Furniture | Van der Postings

A fashion brand applies its colourful principles to furnishing

Ravishingly colourful furniture from Basso & Brooke

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A fashion brand applies its colourful principles to furnishing

August 06 2010
Lucia van der Post

Basso & Brooke – for those who haven’t yet come across it – is a youngish fashion brand that launched only in 2003 and which uses some of the most delicious prints imaginable. Bruno Basso and Christopher Brooke have carved out a niche of their own with their mastery of the art of digital printing on silk which, for the record, gives them access to some 16m different hues. Their summer 2009 collection in particular featured wonderfully rich yet delicate prints, all digitally printed, but combined in magical ways so that almost every garment was hotly desirable, regardless of the shape. This autumn’s collection is stronger, less ravishingly pretty, but more dramatic; and what I like about it is that it has a distinctive handwriting, a personality all of its own.

The reason for writing about the duo now, though, is that fans of their colourful work can see (and buy) a collection of their furniture, which is embellished with their glorious prints. It’s on show at The Shop at Bluebird in London until the end of August; each piece features patterns that the duo developed, oddly, for a collaboration with a Californian wine label, Turning Leaf, which was designed, says the blurb, to “inspire individual, sophisticated, fun-loving women to discover the taste of colour”.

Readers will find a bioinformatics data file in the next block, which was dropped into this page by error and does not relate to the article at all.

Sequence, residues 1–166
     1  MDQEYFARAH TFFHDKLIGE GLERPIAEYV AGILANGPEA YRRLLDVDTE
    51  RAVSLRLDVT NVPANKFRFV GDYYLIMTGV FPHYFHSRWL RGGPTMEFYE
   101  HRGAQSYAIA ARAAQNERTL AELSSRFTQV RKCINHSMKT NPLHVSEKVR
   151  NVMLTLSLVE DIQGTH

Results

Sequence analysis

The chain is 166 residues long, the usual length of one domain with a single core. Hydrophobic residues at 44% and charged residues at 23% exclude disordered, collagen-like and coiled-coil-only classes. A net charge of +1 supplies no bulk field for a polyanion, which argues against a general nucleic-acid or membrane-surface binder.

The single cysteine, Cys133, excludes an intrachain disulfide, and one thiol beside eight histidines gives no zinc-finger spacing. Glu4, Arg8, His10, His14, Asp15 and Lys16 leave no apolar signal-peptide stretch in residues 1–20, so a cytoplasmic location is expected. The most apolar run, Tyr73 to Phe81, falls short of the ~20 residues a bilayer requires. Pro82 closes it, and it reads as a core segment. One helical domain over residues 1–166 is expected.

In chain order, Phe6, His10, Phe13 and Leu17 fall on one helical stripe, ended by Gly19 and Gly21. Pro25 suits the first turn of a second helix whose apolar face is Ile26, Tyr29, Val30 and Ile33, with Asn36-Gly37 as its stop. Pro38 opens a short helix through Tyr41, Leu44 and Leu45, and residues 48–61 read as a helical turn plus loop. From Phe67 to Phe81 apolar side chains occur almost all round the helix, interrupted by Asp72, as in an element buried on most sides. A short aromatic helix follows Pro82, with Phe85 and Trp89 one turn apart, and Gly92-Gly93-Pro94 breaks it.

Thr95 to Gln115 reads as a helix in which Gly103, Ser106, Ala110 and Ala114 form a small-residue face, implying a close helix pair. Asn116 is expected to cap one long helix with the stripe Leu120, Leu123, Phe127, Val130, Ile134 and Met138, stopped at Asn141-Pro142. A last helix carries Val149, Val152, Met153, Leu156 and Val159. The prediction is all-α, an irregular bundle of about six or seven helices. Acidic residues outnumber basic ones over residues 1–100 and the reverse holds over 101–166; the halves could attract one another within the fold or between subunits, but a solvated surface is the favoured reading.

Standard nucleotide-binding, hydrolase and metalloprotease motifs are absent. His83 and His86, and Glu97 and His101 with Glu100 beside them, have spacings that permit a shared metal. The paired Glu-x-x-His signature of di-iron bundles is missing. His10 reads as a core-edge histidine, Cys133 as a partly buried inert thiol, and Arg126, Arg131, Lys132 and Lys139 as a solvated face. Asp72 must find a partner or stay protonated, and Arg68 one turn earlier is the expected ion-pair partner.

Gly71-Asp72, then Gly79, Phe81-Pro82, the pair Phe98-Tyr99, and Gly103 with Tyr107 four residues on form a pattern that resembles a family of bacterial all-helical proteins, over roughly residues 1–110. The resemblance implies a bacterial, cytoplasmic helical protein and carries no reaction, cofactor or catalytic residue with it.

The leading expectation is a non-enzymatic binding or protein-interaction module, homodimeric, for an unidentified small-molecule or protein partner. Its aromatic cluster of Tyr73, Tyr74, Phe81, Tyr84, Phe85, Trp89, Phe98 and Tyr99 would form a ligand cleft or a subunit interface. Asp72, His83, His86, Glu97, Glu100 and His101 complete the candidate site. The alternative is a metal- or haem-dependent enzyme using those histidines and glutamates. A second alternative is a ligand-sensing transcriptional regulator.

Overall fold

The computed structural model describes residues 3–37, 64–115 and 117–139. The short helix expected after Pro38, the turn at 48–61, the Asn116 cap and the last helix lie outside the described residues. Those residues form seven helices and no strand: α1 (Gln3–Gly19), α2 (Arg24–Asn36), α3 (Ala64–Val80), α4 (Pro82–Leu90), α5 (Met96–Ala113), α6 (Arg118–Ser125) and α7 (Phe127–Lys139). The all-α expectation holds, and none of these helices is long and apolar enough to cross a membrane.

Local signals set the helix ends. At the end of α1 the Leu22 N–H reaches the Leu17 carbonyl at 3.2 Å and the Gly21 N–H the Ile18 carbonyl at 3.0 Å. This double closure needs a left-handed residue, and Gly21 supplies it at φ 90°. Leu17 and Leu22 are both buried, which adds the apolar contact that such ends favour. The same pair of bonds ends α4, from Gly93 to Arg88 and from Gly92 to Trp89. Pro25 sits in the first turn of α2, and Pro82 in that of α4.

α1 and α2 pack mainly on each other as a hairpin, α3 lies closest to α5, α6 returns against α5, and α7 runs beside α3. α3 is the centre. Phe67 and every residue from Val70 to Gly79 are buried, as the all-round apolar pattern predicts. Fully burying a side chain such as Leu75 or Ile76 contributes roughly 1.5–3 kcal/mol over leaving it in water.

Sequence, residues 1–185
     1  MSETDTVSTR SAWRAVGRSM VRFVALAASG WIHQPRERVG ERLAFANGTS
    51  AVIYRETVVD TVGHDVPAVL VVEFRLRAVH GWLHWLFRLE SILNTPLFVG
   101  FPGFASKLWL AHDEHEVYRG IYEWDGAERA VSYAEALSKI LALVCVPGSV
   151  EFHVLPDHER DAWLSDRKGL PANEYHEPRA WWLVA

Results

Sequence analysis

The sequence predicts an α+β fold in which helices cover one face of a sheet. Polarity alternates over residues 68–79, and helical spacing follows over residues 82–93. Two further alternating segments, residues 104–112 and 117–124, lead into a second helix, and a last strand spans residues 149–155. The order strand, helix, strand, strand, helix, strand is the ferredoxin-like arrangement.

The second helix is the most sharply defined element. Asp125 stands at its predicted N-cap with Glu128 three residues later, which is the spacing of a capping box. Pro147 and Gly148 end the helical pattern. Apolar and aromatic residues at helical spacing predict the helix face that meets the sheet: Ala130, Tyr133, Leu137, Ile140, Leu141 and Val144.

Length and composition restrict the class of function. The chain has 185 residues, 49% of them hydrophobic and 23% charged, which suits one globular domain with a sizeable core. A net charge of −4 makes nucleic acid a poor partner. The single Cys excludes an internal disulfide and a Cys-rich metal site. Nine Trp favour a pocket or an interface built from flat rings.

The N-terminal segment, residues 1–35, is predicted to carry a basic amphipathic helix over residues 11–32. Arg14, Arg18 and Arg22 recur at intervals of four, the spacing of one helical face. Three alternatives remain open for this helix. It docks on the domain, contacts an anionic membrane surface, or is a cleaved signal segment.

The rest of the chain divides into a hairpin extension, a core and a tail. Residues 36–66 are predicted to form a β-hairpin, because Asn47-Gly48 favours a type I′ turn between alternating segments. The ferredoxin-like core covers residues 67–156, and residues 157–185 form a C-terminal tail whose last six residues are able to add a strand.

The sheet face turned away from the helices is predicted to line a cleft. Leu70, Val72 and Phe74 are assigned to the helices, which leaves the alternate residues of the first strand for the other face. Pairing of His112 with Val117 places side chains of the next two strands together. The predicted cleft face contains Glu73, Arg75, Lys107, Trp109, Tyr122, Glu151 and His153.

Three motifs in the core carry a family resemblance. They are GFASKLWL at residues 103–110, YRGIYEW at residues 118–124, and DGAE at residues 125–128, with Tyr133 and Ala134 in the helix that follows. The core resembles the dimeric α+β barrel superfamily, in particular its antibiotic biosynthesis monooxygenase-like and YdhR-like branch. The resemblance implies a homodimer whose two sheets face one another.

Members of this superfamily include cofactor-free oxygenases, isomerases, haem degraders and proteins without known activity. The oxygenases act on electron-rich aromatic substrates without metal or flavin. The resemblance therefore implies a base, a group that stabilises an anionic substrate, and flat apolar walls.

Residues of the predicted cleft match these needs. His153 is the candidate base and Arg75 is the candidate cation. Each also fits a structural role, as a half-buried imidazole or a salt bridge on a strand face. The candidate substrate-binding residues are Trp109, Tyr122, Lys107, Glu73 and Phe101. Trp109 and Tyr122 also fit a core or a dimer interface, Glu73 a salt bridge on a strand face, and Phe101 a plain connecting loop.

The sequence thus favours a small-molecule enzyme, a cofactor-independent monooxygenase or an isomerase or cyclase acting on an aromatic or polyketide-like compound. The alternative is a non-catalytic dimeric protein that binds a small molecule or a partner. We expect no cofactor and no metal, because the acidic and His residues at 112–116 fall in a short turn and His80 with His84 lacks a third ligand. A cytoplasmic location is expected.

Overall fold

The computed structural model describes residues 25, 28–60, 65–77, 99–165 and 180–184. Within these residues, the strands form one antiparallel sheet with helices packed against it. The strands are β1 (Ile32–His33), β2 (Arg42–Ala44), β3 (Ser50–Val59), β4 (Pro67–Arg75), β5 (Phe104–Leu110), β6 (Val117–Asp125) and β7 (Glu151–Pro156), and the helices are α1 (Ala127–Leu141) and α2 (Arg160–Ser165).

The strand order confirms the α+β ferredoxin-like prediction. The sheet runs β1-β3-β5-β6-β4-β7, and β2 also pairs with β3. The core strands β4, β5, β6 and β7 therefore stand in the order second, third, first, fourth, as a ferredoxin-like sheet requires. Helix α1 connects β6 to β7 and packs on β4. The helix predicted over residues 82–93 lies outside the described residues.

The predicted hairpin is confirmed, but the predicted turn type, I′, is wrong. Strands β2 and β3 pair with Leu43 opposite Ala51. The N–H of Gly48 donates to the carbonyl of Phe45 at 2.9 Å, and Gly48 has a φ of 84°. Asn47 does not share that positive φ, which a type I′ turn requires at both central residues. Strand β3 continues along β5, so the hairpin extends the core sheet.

Ignore all that, though, and just look at the furniture – it is unforgettable. There’s a limited-edition drinks cabinet, wine tables and a console table, all lacquered in glorious colours. Then there’s the soft furniture collection, all covered in Basso & Brooke prints. Look out, too, for the Al Fresco dining kits, which will include a silk blanket, silk cushions, a lacquered case, engraved glasses and shrink-wrapped bottles of Turning Leaf wine (from £2,900). Since these are all very special pieces that come in limited editions, prices are high – but they are more or less works of art. The Bergere Gondola chair (first picture) sells for £9,000, the French console table, finished in glossy yellow, for £7,500, but you could get a wine table in canary yellow for £1,500 (also in first picture), a silk cushion for £295 or a lampshade (second picture) for £110.

More Basso & Brooke can be seen at the Design Museum at Shad Thames in east London until August 24 where there’s a collection of their printed textiles. These were inspired by a 10-day project in Uzbekistan sponsored by the British Council’s New Silk Road initiative. The prints are ravishing and, though not on sale at the exhibition, they are variations on the prints used in the autumn/winter collection.

See also

Basso & Brooke